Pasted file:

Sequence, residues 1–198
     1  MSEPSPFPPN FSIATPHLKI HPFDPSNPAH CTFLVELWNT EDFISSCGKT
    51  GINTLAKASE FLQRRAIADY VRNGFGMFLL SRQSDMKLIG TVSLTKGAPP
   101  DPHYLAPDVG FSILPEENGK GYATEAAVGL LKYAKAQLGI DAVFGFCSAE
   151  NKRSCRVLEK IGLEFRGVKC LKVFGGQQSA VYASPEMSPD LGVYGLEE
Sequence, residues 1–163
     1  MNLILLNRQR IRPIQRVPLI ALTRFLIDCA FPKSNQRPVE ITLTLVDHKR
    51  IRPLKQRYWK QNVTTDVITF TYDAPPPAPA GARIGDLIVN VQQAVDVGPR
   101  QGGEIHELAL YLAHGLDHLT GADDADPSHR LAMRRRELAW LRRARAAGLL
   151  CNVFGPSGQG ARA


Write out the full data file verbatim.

Sequence, residues 1–198
     1  MSEPSPFPPN FSIATPHLKI HPFDPSNPAH CTFLVELWNT EDFISSCGKT
    51  GINTLAKASE FLQRRAIADY VRNGFGMFLL SRQSDMKLIG TVSLTKGAPP
   101  DPHYLAPDVG FSILPEENGK GYATEAAVGL LKYAKAQLGI DAVFGFCSAE
   151  NKRSCRVLEK IGLEFRGVKC LKVFGGQQSA VYASPEMSPD LGVYGLEE
Sequence, residues 1–163
     1  MNLILLNRQR IRPIQRVPLI ALTRFLIDCA FPKSNQRPVE ITLTLVDHKR
    51  IRPLKQRYWK QNVTTDVITF TYDAPPPAPA GARIGDLIVN VQQAVDVGPR
   101  QGGEIHELAL YLAHGLDHLT GADDADPSHR LAMRRRELAW LRRARAAGLL
   151  CNVFGPSGQG ARA